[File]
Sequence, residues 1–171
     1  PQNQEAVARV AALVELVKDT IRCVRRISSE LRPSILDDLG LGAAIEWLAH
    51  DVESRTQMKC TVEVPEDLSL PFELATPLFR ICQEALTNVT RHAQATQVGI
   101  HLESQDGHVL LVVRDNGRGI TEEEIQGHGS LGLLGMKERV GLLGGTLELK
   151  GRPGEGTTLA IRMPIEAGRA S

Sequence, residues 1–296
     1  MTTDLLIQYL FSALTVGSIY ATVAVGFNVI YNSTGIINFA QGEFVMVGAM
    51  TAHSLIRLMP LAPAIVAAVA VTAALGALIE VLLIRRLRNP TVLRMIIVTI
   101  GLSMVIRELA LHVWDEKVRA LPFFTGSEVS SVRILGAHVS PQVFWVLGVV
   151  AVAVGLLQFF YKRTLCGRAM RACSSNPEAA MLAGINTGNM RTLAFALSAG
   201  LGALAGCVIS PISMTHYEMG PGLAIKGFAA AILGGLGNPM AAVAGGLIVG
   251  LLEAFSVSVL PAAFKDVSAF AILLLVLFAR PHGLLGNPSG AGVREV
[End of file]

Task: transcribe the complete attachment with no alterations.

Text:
Sequence, residues 1–171
     1  PQNQEAVARV AALVELVKDT IRCVRRISSE LRPSILDDLG LGAAIEWLAH
    51  DVESRTQMKC TVEVPEDLSL PFELATPLFR ICQEALTNVT RHAQATQVGI
   101  HLESQDGHVL LVVRDNGRGI TEEEIQGHGS LGLLGMKERV GLLGGTLELK
   151  GRPGEGTTLA IRMPIEAGRA S

Sequence, residues 1–296
     1  MTTDLLIQYL FSALTVGSIY ATVAVGFNVI YNSTGIINFA QGEFVMVGAM
    51  TAHSLIRLMP LAPAIVAAVA VTAALGALIE VLLIRRLRNP TVLRMIIVTI
   101  GLSMVIRELA LHVWDEKVRA LPFFTGSEVS SVRILGAHVS PQVFWVLGVV
   151  AVAVGLLQFF YKRTLCGRAM RACSSNPEAA MLAGINTGNM RTLAFALSAG
   201  LGALAGCVIS PISMTHYEMG PGLAIKGFAA AILGGLGNPM AAVAGGLIVG
   251  LLEAFSVSVL PAAFKDVSAF AILLLVLFAR PHGLLGNPSG AGVREV